Tarnished Crown is mesmerizing Christian fantasy fiction. It is fantasy in the form of a Christian allegory in the tradition of Pilgrim’s Progress, although more modern in approach.

In this Christian allegory the protagonist, Pip’pt, is what is known as a “miffit”—on the order of a hobbit but a bit taller with more hair on their hands and feet but less on their heads. Pip’pt lives in Jubilee, and has a marriage that is less than ideal. In spite of his gentle, patient and caring attempts to make things better between him and T’rena, things go from bad to worse. Her selfish tantrums test his caring nature.

An unexpected visit by the King of the Realm of Hiz’onr, referred to in this allegory as Baruch, charges Pip’pt to with a seemingly impossible task, a trust he cannot in good conscience turn his back on. After all, Baruch is the King!

In this Christian allegory the King’s crown is tarnished and its jewels have gone missing. Pip’pt finds himself faced with the task of finding the gems and returning them to the King. However, his attempts to restore the King’s crown lead to enticements to turn aside, heartless brutality, and extreme peril.

There are characters you will love, and characters you will loath in this Christian fantasy. Pip’pt himself struggles with the emotions we all do when faced with harassment, tyranny and malevolence.

Pip’pt’s adventure begins in a contest with Death. Here is a small taste of the drama of this captivating Christian allegory:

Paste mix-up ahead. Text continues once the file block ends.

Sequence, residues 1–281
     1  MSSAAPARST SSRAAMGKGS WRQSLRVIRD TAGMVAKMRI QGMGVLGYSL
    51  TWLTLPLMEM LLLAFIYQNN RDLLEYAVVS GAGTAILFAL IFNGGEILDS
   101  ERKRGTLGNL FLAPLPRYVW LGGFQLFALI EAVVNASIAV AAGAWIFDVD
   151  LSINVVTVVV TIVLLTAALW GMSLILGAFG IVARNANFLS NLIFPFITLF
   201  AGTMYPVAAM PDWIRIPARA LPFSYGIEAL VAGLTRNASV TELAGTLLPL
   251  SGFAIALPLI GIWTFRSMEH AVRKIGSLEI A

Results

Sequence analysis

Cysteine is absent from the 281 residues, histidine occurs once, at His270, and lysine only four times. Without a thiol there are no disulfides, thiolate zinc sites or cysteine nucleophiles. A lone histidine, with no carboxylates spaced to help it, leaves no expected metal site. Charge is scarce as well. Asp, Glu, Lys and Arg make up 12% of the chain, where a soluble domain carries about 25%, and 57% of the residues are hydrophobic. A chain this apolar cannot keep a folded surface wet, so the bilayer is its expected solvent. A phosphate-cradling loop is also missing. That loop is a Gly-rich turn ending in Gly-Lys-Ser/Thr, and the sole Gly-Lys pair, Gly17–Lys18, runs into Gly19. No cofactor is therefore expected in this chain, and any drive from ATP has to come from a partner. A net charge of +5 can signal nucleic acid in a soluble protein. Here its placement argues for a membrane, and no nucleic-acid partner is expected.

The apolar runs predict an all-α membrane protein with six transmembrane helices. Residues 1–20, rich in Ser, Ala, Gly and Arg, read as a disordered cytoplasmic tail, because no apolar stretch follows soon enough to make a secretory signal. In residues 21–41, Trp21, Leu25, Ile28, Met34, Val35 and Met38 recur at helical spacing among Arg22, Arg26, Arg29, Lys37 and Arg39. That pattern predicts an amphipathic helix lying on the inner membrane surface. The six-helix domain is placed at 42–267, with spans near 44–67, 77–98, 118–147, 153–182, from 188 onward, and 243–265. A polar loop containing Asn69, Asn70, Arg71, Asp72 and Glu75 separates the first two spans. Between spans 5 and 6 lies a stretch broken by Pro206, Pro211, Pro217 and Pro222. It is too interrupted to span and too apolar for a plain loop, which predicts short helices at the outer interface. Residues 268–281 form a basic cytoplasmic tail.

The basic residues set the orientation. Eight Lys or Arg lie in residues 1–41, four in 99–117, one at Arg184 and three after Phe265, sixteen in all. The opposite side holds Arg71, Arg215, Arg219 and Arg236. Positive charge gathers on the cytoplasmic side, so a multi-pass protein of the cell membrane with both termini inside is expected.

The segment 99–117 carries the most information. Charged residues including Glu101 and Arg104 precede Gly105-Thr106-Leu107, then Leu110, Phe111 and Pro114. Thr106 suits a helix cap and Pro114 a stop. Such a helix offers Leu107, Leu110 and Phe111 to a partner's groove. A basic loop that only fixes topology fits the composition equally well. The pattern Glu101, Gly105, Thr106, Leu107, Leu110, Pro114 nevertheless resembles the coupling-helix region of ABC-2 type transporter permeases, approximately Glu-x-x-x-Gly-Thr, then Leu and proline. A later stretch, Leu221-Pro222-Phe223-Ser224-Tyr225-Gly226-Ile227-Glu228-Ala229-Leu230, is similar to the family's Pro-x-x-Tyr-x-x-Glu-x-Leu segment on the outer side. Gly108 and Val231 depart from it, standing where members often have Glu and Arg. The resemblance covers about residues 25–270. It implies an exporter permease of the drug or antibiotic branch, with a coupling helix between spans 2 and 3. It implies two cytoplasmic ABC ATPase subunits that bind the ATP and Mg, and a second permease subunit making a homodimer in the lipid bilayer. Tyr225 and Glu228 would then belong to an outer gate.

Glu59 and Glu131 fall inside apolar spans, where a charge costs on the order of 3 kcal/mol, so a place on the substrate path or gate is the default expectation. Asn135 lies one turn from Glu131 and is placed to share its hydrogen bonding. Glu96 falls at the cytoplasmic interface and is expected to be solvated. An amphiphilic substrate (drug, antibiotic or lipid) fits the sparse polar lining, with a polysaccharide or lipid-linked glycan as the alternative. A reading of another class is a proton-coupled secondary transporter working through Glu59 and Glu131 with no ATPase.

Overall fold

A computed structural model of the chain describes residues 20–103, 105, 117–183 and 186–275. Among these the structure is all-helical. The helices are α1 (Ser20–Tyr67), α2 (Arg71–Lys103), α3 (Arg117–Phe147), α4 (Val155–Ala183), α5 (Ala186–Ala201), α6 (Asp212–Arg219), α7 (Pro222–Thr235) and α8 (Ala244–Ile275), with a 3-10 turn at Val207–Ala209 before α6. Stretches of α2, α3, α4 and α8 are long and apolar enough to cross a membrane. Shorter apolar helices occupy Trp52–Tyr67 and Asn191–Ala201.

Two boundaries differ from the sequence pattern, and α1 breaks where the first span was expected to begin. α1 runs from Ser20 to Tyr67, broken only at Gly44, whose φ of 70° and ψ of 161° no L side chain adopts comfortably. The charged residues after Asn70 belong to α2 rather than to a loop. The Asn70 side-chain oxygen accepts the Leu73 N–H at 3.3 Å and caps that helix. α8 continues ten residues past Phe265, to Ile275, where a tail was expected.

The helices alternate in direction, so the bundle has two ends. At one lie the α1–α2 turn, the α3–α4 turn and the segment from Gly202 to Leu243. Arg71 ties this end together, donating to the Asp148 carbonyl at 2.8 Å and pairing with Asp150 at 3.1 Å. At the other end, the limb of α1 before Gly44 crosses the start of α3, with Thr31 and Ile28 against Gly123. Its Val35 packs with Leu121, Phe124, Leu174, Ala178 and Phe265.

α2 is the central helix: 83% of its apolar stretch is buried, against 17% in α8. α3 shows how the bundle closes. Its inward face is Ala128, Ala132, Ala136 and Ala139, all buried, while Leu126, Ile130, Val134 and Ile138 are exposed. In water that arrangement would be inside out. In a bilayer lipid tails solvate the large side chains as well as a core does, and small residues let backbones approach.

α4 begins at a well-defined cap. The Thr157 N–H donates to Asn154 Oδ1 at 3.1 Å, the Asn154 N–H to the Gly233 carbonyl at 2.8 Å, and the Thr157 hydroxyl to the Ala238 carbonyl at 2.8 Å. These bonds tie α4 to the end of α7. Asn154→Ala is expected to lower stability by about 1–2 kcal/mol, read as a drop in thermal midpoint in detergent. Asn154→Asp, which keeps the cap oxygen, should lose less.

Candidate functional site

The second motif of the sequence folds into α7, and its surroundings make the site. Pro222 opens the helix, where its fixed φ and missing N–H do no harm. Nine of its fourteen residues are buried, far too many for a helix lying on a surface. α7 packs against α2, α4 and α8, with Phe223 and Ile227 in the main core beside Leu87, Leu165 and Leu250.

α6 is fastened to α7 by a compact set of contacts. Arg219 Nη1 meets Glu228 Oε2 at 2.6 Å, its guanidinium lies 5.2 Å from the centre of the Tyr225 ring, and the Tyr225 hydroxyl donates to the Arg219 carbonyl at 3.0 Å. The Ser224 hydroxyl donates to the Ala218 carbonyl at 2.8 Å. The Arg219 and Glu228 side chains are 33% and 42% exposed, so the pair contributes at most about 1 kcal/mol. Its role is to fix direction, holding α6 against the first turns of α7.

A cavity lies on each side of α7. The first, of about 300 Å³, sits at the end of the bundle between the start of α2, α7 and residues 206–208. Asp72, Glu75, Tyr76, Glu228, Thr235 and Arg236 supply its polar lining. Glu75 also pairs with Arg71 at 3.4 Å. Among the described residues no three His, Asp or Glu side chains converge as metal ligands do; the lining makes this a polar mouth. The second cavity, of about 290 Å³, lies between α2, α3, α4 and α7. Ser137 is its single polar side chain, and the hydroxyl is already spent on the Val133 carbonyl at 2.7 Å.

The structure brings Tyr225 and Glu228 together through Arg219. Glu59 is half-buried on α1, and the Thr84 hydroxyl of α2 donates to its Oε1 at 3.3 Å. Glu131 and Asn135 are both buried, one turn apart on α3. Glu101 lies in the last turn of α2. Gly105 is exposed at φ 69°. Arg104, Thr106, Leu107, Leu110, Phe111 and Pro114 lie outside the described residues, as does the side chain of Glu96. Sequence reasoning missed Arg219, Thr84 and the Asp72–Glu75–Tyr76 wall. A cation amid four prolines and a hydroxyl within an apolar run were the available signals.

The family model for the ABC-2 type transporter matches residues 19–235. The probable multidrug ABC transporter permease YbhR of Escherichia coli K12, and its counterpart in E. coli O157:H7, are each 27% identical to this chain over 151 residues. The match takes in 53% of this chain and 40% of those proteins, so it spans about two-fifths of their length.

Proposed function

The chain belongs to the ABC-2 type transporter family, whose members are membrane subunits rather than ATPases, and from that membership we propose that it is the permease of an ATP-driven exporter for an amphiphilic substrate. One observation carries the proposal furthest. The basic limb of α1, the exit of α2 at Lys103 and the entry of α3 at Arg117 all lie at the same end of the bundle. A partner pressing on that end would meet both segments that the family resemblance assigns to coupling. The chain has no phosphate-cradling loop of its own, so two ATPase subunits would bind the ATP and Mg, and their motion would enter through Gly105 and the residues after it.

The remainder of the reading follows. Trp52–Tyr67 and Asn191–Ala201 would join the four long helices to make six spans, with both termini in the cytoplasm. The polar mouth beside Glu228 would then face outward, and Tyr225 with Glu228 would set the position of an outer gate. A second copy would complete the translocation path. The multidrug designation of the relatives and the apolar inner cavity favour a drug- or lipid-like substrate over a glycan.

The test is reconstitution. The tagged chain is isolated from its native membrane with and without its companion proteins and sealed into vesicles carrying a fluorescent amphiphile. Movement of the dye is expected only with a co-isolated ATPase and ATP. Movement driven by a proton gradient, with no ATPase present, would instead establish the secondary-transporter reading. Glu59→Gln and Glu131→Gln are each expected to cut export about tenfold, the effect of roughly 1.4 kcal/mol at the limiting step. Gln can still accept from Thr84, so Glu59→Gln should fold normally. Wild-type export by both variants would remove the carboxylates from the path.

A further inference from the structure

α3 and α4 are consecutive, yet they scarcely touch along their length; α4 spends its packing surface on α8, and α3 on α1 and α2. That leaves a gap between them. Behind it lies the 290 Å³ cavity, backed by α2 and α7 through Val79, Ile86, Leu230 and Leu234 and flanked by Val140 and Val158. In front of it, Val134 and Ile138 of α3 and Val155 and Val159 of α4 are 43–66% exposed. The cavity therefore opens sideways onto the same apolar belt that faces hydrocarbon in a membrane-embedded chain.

Pip’pit breathes heavily as he plods his way through an awful morass. It is awful because other than smelly, brown muck, there seemed to be only greenish-yellow, dead-looking swamp grass. A heavy dark mist shrouds the seemingly endless, reeking bog.

The iron ring clamped around his neck has nearly chaffed the skin raw. He is a slave of Death, and it is Death who had sent him out into the Miremarsh, a swamp on Slave Island, somewhere in the midst of the Sinful Sea. “I am tired of you, Pip’pt, so go from my presence. Cross the Miremarsh,” commanded Death with a laugh. “If you find your way to the other side I will grant your freedom!”

Pip’pt wanders the intolerable morass for days, feeding on things too appalling to mention, helplessly lost, and fighting to keep from sinking to his death in the mire. He is faced with choices: Death versus life; hopelessness versus meaning and purpose. So begins Pip’pt’s daring and dangerous quest to restore the King’s tarnished crown.

In this thought provoking Christian allegory Pi’pit is an everyday fellow who struggles with feelings of failure and insecurity. “Who am I to restore the king’s crown?” We might ask the same question as we face the stuff of life while feeling much the same, “Who am I?” But in Christ I am somebody and so are you. He is not looking for greatness. What God looks for in our lives is faithfulness, so the allegory has to do with an everyday guy who in spite of his struggles with inferiority and apparent failure is faithful to the task set before him.

In this story Christian fantasy reflects the moral realities faced in our world today.

Banner Photo by Zach Angelo